Scott McKain is Vice Chairman of Obsidian Enterprises, recently named one of the "fastest growing public companies" in the country – as well as Vice Chairman of Durham Capital Corporation. In addition, McKain is the co-founder of The Value Added Institute – a think-tank researching the impact that creating enhanced customer experiences has on organizations and how it generates greater client loyalty. His client list for speeches, seminars and consulting is a "Who's Who" of corporations (such as GE, IBM, Phillips and hundreds more). He has appeared on platforms in all fifty states and fourteen different countries. A member of the Professional Speakers Hall of Fame, Scott also makes appearances on FOX News Channel and other major media outlets as an expert commentator. He has authored three books, the latest being Collapse of Distinction – Stand Out and Move Up While Your Competition Fails.  Scott, his wife, Tammy and sons Corbin and Faron Byler live in Indianapolis, Indiana.

U.S. Could Get 10% Renewable Energy by 2020, If Money, Policy Line Up Behind It

Jeff St. John: June 15, 2009, 7:02 PM

Studies claiming that renewable energy could supply a much larger portion of the nation's power needs – if the money and policies can be built to support it – are all the rage these days.

The latest arrived Monday, projecting that The United States could get 20 percent of its power from renewable energy (excluding hydropower) using today's technology by 2020, up from its share of about 2.5 percent today.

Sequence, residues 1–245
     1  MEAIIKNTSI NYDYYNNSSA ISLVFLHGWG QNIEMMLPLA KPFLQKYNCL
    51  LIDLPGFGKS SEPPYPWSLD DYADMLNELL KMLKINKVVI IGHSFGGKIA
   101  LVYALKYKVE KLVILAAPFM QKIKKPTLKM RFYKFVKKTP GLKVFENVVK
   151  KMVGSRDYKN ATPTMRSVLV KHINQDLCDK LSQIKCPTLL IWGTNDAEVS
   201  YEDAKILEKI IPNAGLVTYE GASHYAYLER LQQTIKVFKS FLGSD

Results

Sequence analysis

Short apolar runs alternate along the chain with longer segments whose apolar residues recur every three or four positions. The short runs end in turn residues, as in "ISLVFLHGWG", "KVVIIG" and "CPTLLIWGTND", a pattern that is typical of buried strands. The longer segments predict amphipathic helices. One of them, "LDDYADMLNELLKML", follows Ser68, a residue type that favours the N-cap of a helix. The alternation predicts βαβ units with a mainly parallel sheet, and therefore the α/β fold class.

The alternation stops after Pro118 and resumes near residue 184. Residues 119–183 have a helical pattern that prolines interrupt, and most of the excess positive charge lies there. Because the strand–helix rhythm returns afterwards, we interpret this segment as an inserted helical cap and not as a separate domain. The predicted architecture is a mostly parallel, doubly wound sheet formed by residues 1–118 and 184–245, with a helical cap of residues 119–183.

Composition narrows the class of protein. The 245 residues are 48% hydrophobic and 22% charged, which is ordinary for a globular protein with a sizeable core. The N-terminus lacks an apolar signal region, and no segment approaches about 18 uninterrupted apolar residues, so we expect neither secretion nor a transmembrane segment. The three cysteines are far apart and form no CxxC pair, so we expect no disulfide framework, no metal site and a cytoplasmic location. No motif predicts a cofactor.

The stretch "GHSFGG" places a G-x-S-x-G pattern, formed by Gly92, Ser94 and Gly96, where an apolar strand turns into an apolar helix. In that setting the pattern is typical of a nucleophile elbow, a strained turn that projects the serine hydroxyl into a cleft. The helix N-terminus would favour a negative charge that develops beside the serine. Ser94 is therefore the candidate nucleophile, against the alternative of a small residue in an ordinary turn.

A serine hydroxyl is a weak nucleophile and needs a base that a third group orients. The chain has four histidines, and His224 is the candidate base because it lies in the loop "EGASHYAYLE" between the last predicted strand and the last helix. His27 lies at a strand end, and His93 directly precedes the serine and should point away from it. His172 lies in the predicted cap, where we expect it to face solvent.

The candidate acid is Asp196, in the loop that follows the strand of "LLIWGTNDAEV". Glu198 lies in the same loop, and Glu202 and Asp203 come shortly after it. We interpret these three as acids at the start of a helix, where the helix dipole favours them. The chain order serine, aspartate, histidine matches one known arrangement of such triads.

The report from the National Research Council says that today's technology could get the country to 10 percent non-hydro renewable energy by 2020 and 20 percent by 2035.

To get beyond that, "major scientific advances, and changes to the way we generate, transmit, and use electricity, will be needed," the report said. That includes large-scale grid storage, a "smart grid" that allows two-way communication and fine-tuned management and other improvements.

But even to get to the scenario allowed by today's technology will require the right mix of pubic policy to encourage renewable energy and the politically tricky matter of building massive new transmission lines to carry it to where it's needed, the report said.

The question of transmission is part of the debate over energy legislation now before Congress. Proposals to give the federal government increased power over siting those transmission lines are part of a broader set of policies for boosting renewable energy and putting a price on carbon emissions through a cap-and-trade program (see Draft Legislation a Boon for Solar, Grid and Come Get 'Em: Gov't Plans to Give Freebies Under Cap-and-Trade).